Down the stairs is an adverbial phrase modifying raced, telling where.
Down is an adverb. The is an article. Stairs is a noun. Here’s another place I’m not sure of. The stairs seems to be the object of down, but I’m not sure how that works.

This is really advanced stuff for fourth grade!

Betsy


#12

In school some times it’s better to be wrong than right, especially if your really trying. One of the worse things is to be right and not know why. The teacher can try to follow her logic, and try to figure out how to best correct her reasoning. Having said the wrong thing in class will help her keep the correct reasoning in mind when the rule has to be applied later.

If she is embarrassed when she is wrong in front of the whole class, tell her as long as you really tried, it is a good thing and nothing to be embarrassed about. Tell her be bold, answer the question with the wrong answer if it makes her feel better, but it is the smart ones that try to understand and attempt to answer. Learning is often trial and error. To be wrong is not to have failed, it is a success, you have discerned one wrong approach. What is a failure is to have not attempted the trial.

I’m sure for one you’ll have a much greater understanding of an adverb after this.


#13

Do they still teach kids to diagram sentences? For some people that can be a helpful exercise to visualize this stuff.


#14

This morning I was wide awake before sunrise.

Erm. Not sure ASCII art would work here, so… “I” is the subject, “was awake” - nominal verb, “wide” - adverb modifying verb (it modifies “awake” rather than “was”, but “was awake” is the verb of the sentence, even if “awake” is an adjective as a form of speech - unless you prefer to call “awake” the adjectival predicative of the subject, but come on, we’re talking about primary school…), “before sunrise” goes together and together forms an adverb of time.

This may be confusing because in English, parts of the sentence have mostly the same names as parts of speech, even if they don’t exactly (or always) correspond. For example, “awake” is not a verb as a part of speech, but “was awake” is a nominal verb. “Before sunrise” is not a single adverb as a part of speech (“before” in this case is a preposition, “sunrise” is a noun), but a single part of the sentence, known as adverb.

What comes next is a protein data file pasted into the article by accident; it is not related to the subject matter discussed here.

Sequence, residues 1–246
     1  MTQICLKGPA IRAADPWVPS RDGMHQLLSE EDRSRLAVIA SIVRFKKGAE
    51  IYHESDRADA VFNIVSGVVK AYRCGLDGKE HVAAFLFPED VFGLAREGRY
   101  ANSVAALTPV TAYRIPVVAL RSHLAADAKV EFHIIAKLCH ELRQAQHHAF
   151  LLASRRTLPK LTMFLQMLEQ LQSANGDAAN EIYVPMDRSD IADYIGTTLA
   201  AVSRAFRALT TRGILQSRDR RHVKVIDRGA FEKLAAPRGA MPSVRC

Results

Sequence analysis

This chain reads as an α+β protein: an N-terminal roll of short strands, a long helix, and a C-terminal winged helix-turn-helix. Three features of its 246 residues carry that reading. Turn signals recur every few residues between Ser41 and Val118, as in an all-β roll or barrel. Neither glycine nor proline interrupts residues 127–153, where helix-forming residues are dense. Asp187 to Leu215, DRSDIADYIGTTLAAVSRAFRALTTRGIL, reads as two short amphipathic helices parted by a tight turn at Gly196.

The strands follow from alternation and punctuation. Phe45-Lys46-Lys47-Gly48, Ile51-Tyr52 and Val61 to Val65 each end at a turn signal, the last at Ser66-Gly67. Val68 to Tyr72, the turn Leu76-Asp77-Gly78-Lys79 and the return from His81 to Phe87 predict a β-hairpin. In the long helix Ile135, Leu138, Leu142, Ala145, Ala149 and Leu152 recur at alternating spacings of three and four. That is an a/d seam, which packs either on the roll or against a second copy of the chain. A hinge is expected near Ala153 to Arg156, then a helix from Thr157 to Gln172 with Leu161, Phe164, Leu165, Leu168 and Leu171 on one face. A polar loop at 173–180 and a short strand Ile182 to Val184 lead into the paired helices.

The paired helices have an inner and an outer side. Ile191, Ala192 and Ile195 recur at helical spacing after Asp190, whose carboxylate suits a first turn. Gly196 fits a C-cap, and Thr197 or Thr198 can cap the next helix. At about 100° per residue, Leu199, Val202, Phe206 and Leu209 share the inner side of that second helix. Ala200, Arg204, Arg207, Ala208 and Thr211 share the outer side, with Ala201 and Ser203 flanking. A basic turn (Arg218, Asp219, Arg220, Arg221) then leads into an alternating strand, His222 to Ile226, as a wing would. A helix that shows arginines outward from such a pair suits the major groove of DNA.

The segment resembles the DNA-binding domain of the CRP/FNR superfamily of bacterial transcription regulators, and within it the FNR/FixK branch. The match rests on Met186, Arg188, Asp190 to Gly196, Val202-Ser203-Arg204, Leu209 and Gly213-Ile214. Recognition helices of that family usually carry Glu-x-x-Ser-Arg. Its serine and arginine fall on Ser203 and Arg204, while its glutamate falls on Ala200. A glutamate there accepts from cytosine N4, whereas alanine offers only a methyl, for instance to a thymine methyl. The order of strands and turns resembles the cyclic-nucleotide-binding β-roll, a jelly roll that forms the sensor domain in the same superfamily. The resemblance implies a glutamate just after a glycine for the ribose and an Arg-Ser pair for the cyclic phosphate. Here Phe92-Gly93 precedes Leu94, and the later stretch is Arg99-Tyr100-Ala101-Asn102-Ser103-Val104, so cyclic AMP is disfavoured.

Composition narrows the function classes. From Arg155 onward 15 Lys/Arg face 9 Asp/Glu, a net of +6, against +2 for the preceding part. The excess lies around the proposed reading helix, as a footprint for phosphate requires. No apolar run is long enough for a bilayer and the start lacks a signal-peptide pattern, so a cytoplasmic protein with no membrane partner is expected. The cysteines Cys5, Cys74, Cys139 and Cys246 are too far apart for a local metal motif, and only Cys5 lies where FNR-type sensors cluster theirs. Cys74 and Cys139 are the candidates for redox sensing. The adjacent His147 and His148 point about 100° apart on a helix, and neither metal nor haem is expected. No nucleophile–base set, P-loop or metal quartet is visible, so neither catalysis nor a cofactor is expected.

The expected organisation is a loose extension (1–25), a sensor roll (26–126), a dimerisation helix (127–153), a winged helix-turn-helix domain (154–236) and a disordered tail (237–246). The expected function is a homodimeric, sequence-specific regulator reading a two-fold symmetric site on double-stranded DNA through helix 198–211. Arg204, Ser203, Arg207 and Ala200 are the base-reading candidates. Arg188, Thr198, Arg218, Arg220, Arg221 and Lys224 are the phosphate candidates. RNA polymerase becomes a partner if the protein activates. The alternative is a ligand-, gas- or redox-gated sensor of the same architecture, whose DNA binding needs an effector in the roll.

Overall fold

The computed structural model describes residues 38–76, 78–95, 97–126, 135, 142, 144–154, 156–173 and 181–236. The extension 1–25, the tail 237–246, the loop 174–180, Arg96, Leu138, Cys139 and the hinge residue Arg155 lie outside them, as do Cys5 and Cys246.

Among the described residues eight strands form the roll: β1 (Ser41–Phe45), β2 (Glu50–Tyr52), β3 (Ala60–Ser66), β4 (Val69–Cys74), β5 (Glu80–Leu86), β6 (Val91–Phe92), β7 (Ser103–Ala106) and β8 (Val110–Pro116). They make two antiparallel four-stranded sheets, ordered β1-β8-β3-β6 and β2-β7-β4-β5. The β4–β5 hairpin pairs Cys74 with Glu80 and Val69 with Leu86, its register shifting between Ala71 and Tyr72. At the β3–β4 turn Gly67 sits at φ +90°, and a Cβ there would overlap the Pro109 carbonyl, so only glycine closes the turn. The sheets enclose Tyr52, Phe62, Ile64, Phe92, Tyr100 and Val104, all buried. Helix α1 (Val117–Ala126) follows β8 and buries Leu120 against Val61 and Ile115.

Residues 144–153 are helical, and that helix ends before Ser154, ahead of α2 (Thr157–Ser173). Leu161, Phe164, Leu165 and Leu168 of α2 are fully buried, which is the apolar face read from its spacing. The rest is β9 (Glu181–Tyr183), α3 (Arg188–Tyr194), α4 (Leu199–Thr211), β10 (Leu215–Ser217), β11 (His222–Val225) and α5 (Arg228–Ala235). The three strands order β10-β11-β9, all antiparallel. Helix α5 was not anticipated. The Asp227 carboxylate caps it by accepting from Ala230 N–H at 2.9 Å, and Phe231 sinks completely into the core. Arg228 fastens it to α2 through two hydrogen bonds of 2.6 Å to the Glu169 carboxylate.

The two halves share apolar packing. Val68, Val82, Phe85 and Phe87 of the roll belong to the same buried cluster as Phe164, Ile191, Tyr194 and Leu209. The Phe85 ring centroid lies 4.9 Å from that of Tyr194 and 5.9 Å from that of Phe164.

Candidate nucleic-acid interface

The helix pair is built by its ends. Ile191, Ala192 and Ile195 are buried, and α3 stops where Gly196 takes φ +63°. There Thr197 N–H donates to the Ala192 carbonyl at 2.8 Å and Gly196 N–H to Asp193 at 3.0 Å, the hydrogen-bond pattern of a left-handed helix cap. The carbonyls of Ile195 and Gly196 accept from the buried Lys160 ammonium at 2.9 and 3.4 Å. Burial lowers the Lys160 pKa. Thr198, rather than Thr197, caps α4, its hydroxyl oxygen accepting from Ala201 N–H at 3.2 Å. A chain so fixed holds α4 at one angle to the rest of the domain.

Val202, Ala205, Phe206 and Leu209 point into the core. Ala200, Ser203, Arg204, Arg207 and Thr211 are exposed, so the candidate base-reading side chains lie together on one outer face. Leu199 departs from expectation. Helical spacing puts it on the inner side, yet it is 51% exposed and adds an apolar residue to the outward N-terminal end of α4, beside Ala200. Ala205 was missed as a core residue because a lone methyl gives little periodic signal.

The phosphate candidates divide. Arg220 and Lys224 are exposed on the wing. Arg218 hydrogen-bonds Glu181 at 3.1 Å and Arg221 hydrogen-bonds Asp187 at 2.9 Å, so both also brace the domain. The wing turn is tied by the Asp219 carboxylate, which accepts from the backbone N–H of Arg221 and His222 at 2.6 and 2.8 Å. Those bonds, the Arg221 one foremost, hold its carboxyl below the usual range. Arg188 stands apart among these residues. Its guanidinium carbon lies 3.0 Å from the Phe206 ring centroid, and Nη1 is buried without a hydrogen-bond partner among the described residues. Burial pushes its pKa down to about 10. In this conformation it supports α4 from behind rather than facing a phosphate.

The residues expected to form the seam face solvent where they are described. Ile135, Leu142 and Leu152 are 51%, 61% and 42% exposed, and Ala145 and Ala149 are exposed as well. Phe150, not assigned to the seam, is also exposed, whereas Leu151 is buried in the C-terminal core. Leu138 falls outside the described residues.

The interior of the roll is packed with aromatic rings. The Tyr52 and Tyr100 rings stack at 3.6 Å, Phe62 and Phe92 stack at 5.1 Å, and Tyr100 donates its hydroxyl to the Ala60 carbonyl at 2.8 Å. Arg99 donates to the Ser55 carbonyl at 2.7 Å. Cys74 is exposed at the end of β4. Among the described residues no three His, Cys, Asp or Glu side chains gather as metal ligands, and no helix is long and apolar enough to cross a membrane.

Additionally, the same words are not always the same parts of speech. Let’s take “before”:

“I’ve never seen you before,” - here, it’s an adverb (“when?”)
“I saw you before Christmas,” - here, it’s a preposition (“before what”) - as a part of speech, even if adverb (along with “Christmas” in “before Christmas”) as a part of the sentence

Admittedly, having learnt this on a different language first helps.

I think if you say “I” is the object, “was awake” the verb, “before sunrise” an adverb modifying the verb", “this morning” also an adverb modifying the verb, “wide” yet another adverb modifying the verb, it should be fine.


#15

You know what I would do???

Rewrite it to:

I awoke early.

Keep it simple!!!:smiley:


#16

I’m subscribing to this thread - I’m back in school myself and need help on my college papers…

…either that or Baltobetsy can start a tutorial thread…:smiley:


#17

Thank you all. She gets the assignment back tomorrow. She was really understanding everything during the more simple sentences. I helped her see what are pronouns and adjectives and adverbs (a bit of a refresher for me too :D), so the exercise was not wasted. You should have heard me fumble around last night, trying to decipher what each part of speech was. I knew that “this morning” was an adverb, but how to explain that to a 10 year old is difficult. Personally, I thought that the harder sentences just confused her, because she was going really well until then.

God bless… hey exercising your brain keeps you young. So keep the answers coming:thumbsup:


#18

And here I thought I was finished school 36 years ago
Kathy


#19

Schoolhouse Rock - I am hearing “so I unpacked my ajectives” song :slight_smile:


#20

I grew up in an age when the theory was “Never stifle their creativity!”. Translation: Don’t teach diagramming. (I finally had to learn it in English 10). Don’t teach them handwriting, let them write however they want. (Thank God for typing class; I could never communicate with the world without a keyboard with my crummy writing). Etc, etc, etc, ad nauseum.
Diagramming is a very good idea. (Except I am now:p too old to remember it…).